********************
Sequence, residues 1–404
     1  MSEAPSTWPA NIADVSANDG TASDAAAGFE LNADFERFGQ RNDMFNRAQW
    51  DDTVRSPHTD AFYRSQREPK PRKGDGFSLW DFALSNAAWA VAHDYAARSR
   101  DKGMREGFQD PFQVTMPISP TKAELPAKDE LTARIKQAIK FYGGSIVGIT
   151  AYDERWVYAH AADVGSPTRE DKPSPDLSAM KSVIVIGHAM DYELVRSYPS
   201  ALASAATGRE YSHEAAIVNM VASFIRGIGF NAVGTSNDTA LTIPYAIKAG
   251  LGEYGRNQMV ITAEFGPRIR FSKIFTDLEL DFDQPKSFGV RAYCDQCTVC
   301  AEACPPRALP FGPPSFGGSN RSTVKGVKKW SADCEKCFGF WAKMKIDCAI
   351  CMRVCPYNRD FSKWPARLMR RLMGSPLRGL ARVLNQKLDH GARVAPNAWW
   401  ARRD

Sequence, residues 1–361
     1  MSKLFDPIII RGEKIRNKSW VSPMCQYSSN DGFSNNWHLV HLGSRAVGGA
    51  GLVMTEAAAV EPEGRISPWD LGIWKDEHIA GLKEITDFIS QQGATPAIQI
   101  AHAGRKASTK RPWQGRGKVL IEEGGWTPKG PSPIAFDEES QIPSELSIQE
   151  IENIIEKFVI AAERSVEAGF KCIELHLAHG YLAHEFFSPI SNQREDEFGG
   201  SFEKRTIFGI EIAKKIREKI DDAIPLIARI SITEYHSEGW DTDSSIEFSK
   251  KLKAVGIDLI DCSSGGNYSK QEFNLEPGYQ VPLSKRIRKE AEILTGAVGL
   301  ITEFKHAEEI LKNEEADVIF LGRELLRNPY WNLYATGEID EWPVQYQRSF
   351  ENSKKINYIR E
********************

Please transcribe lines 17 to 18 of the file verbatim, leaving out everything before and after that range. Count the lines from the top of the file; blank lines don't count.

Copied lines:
   251  KLKAVGIDLI DCSSGGNYSK QEFNLEPGYQ VPLSKRIRKE AEILTGAVGL
   301  ITEFKHAEEI LKNEEADVIF LGRELLRNPY WNLYATGEID EWPVQYQRSF